Doing things for people kills relationships

All my life I’ve been accused of trying to be the center of attention. And told it was wrong to do so. By people who I suspect very much resented not having the guts to shine in their own way.

Not that it makes it OK for me to seek the spotlight. It doesn’t. But by the same token, criticizing someone for being successful at getting attention because you’re jealous of them has its own share of issues as well.

For one thing, it doesn’t avoid the problem of seeking the spotlight as a substitute for doing your thing without thinking about rewards or consequences. And for another, it makes you uncontrollably addicted to doing too many things for others in a fruitless quest for validation.

It’s twisted and wrung ass backwards.

The point of having been given a few decades to spend on spaceship earth in an infuriatingly aging corporal carcass isn’t to rack up awards and brownie points. It’s to devote those years to becoming the very best person we were always meant to be no matter what Aunt Gail or the Better Business Bureau think of it.

But what about doing what’s expected of you? Doing the right thing? Fulfilling your role as others — parents, mentors, society — see it? Isn’t that what Good People do?

Don’t know about Good People. I tried to be one, and it didn’t take. Probably because I was doing it all wrong. Probably because I was trying to be good-in-the-eyes-of-others instead of, you know, just plain good. I hit my pretty nose on the wall of pointless despair more times than I can count because no matter how hard I worked at meeting other people’s expectations they never seemed all that happy with me. They always wanted more.

I spent over a decade as a full-time mom. My kids didn’t spend a single minute in daycare, and very little time in the care of anyone except me or their dad. There were a few months seven years ago when we had a part-time nanny because the work schedule demanded it. And I felt terribly guilty the whole time. I homeschooled my kids from birth until this spring, not because I’m a religious nut job or survivalist, but because I firmly believe that young children do better with their mother (or father, or close relative) than they do in institutional settings, and also because I intended to give my kids enough free time and space to play without structures or expectations so they could find out who they were and what interested them.

When they went to school they were 11, nine and “almost eight”, which was a decent enough age to get integrated into the formal education system. I’m happy to say they did fit right in; like everyone else my kids aren’t perfect but other than experiencing minor struggles while learning to line up for things and asking permission to use the washroom, they adjusted very well. Their grades are more than satisfactory and they’re benefiting from a larger social group of diverse kids than what I could expose them to at home.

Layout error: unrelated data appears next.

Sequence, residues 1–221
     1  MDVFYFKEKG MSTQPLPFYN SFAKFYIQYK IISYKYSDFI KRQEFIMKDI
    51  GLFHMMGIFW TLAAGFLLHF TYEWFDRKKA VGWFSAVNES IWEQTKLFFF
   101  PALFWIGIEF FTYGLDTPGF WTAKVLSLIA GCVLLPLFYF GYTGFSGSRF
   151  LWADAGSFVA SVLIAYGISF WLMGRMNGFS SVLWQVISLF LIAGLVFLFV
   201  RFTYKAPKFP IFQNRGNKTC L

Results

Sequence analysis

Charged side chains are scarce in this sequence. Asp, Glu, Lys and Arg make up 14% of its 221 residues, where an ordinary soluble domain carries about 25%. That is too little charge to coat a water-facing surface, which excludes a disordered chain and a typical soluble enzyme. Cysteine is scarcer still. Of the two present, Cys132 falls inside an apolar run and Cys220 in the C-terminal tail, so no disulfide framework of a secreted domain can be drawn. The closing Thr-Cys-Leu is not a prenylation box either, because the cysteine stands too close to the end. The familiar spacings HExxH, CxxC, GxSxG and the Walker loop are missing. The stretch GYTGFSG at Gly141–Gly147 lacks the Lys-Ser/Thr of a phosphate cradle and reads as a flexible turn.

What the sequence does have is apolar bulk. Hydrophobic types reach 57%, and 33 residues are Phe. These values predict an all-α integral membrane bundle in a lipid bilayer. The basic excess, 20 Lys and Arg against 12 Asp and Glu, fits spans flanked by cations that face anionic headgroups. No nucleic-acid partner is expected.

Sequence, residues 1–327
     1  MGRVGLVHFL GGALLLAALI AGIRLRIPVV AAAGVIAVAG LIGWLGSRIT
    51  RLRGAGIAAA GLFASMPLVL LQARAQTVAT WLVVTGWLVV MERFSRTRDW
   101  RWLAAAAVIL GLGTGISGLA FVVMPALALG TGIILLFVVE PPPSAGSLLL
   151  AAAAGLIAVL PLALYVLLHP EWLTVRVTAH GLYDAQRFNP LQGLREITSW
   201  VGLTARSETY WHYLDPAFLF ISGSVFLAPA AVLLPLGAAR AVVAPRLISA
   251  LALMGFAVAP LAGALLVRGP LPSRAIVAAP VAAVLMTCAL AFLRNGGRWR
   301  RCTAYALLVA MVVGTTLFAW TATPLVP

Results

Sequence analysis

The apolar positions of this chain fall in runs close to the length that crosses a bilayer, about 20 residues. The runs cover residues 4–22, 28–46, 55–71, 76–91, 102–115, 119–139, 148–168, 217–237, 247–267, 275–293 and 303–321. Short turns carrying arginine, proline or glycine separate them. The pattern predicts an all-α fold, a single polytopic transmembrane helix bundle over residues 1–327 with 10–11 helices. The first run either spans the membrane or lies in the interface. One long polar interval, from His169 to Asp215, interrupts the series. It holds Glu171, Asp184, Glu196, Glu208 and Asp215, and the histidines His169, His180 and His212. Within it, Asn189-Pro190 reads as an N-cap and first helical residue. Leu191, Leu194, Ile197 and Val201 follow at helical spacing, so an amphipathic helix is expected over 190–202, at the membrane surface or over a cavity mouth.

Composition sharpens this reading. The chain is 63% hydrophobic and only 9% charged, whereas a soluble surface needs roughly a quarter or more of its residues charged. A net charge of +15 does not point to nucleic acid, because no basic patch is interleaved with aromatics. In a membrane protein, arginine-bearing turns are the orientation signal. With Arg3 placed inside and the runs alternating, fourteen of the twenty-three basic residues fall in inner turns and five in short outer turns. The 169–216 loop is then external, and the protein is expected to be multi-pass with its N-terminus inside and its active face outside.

I am glad I gave them all this time, education and attention in their formative years. But it wasn’t without serious costs, including to my relationship with them.

When you give a lot to others, especially children who don’t have enough experience of going without much of anything to know what proper gratitude ought to feel like, what you see as significant self-sacrifice on your part is easily perceived by the recipients as business as usual. Something to be expected. Of course the laundry will find its way back to our drawers. Isn’t that what happens to laundry? Isn’t the floor always clean where you are? Why would I be thankful for the thought and effort that went into preparing healthy, from-scratch meals? I get those every day…

All those things we do, all those services we render, they become normal. The baseline. Why would anyone be grateful for what is clearly expected?

In that way, working for others leads them to take your efforts for granted. And I don’t know of a more potent poison to relationships than that.

Why do we do it, then? There are probably several answers to that question, but mine is that for too long I believed I needed to prove my love in order to have it be reciprocated. I never got as much back as I gave, or so it feels today, looking back on it. I was never satisfied, and needed constant reassurances. Which brings us right back to that problem I’ve had for so long with seeking the spotlight. Why, if you’re always right up there in people’s faces, they have to notice you and appreciate you, right?

Yeah. Right.

This pathological and self-defeating need to prove my love and devotion came from a lifelong struggle with impostor syndrome and the associated belief that no matter how hard I tried, I would never be good enough. So I had to try even harder than that. Because I wouldn’t be worth loving unless I went so far above and beyond what should normally be acceptable in a relationship that I’d wind up in a different solar system.

It didn’t work. And now I’m done with that. I’ve stopped thinking I wasn’t worth it and believing I had to prove my love even beyond unreasonable doubt.

And guess what I found. Relationships are a lot easier and healthier when you love yourself first. You’re a lot less stressed. And because you don’t fear losing other people’s affection, you can afford to be generous with yours. Without counting, without worrying about how much of it you’ll get back or whether it will be enough to keep those you love around for any length of time.

There is one thing you can and should do for others. It’s to love them in such a way that they will believe they are good enough and worthy of love. The rest is not only superfluous, it’s positively poisonous to your relationships.

Writer | Ottawa. Books include Épître aux tartempions, Le national-syndicalisme, Down the Road Never Travelled, Not Just for Kicks, Le livre Uber (upcoming).

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